Jerry Coyne slams the hypocritical National Center for Science Education
Among professional organizations that defend the teaching of evolution, perhaps the biggest offender in endorsing the harmony of science and faith is The National Center for Science Education. Although one of their officers told me that their official position on faith was only that “we will not criticize religions,” a perusal of their website shows that this is untrue. Not only does the NCSE not criticize religion, but it cuddles up to it, kisses it, and tells it that everything will be all right . . . .
I feel that in its battle against creationism, the NCSE should represent all evolutionary biologists. But they are not representing a lot of us when they nuzzle up to theologians and vigorously push the harmony of science and religion. In effect, they’re pretending that the many people who disagree with their philosophical message don’t exist. . . . . .
The NCSE also ignores theologians and religions groups that are critical of evolution theory -- e.g., Cardinal Schönborn, the Archbishop of Canterbury, and the Jehovah's Witnesses.
Jerry Coyne says,
The pro-religion stance of the NCSE is offensive and unnecessary — a form of misguided pragmatism. First, it dilutes their mission of spreading Darwinism, by giving credibility to the views of scientists and theologians who are de facto creationists, whether they admit it or not. Second, it departs from their avowed mission to be philosophically neutral. Third, it disingenuously pretends that evolution poses absolutely no threat to faith, or conflicts with faith in any way . . . .
But despite their avowed commitment to not mixing philosophy with science, an important part of the NCSE’s activities is its “Faith Project,” whose director is the theologically trained Peter M. J. Hess. This project appears to be devoted entirely to the philosophical position that evolution need not conflict with “proper” faith.
Those who interpret the gospel literally but do not interpret the biblical creation story literally are a kind of "cafeteria Christian." But the only basis for believing the gospel is a belief in the inerrancy of the bible, and if the bible is inerrant, then the bible's creation story must be true. And the creation story is consistent with the idea of an all-powerful god whereas the gospel is not -- the god of the gospel is a weak, limited god who must battle Satan for control of the world.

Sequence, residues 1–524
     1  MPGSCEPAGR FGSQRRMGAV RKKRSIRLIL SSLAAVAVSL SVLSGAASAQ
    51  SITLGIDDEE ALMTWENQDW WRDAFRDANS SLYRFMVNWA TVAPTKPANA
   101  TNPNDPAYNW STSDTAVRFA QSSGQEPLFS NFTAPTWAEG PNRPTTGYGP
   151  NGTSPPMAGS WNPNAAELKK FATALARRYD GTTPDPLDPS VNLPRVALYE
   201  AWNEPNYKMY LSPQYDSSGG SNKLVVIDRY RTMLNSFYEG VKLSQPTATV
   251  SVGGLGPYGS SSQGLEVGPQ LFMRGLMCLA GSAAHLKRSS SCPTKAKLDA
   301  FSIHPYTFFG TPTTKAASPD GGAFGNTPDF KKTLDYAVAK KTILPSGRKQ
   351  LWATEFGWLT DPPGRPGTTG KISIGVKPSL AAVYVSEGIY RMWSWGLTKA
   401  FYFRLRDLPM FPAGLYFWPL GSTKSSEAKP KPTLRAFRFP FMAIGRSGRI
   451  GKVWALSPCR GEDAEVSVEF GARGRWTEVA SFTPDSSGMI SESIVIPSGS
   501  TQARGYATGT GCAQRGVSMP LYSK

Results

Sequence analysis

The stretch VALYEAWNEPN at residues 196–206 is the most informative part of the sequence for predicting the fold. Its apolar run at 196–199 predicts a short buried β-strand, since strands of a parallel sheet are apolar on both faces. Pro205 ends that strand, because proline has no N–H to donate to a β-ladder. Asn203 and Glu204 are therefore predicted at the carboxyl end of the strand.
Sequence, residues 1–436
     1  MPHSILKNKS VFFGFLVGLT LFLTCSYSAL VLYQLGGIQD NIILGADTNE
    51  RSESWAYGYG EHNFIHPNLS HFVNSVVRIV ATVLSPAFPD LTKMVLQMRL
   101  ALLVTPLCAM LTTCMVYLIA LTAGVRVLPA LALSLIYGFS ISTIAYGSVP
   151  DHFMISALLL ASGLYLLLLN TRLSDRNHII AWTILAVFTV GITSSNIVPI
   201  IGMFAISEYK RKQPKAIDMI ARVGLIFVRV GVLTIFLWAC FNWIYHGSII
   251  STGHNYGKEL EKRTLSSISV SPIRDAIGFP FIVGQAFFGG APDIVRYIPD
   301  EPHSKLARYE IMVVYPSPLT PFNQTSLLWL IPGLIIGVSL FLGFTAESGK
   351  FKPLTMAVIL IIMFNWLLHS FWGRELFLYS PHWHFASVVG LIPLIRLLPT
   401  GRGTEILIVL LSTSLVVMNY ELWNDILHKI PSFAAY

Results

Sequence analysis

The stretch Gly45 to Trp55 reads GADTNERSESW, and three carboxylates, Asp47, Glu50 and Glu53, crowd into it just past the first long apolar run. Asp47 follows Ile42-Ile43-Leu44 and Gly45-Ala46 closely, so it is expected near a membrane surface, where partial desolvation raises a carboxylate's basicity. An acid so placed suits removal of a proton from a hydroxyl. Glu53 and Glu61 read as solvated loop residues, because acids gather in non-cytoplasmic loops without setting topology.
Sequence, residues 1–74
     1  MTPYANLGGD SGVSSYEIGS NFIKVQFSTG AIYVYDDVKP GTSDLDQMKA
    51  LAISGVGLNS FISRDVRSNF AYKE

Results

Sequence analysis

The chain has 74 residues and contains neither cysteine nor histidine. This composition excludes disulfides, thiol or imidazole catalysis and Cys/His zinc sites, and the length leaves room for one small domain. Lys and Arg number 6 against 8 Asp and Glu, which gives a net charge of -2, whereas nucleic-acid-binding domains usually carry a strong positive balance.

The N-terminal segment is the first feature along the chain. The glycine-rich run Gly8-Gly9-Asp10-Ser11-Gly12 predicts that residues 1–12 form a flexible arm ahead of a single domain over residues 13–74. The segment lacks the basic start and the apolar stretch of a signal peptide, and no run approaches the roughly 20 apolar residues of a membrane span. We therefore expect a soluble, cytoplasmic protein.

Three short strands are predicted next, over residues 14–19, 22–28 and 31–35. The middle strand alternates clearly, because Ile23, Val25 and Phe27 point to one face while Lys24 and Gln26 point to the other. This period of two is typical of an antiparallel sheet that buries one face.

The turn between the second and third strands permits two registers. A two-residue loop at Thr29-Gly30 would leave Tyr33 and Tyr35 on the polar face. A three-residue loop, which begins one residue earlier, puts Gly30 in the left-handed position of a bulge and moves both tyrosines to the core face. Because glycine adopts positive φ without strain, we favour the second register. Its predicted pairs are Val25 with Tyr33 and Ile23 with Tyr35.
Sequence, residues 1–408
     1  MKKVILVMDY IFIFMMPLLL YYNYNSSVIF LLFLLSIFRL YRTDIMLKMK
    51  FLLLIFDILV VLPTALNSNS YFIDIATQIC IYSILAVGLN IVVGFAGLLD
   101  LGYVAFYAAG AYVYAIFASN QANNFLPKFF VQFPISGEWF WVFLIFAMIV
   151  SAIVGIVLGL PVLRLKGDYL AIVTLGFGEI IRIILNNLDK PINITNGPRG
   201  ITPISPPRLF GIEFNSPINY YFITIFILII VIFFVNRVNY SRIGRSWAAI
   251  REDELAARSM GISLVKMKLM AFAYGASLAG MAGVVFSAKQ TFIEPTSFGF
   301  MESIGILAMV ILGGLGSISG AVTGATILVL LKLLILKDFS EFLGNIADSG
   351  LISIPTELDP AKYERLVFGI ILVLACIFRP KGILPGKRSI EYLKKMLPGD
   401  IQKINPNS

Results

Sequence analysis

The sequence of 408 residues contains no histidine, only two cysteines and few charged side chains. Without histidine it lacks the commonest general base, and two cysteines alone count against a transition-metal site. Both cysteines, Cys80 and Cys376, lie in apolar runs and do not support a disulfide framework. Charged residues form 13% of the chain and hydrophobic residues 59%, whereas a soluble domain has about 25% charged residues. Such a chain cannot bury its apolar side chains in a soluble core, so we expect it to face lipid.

Holier-than-thou theistic evolutionists consider Christian Darwin-doubters to be heretics and apostates. Theistic evolutionists not only view Darwin-doubters as ignorant and stupid but view them as sinners and blasphemers who mock god by questioning god's wisdom of using evolution as a method of creating. Theistic evolutionists have been enlisting the clergy in efforts to marginalize and ostracize Darwin-doubters (an example -- the Clergy Letter Project). Theistic evolutionists regard Darwin-doubters as agents of the devil. The theistic evolutionists are as bigoted and hate-filled as any bible-pounding holy-rolling fundy crackpot. William Dembski calls theistic evolutionism the "most implacable foe" of intelligent design:
Howard Van Till's review of my book No Free Lunch exemplifies perfectly why theistic evolution remains intelligent design's most implacable foe. Not only does theistic evolution sign off on the naturalism that pervades so much of contemporary science, but it justifies that naturalism theologically -- as though it were unworthy of God to create by any means other than an evolutionary process that carefully conceals God's tracks.
The theistic evolutionists have even enlisted the help of Judge "Jackass" Jones, who said in the Kitzmiller v. Dover opinion,
Repeatedly in this trial, Plaintiffs' scientific experts testified that the theory of evolution represents good science, is overwhelmingly accepted by the scientific community, and that it in no way conflicts with, nor does it deny, the existence of a divine creator.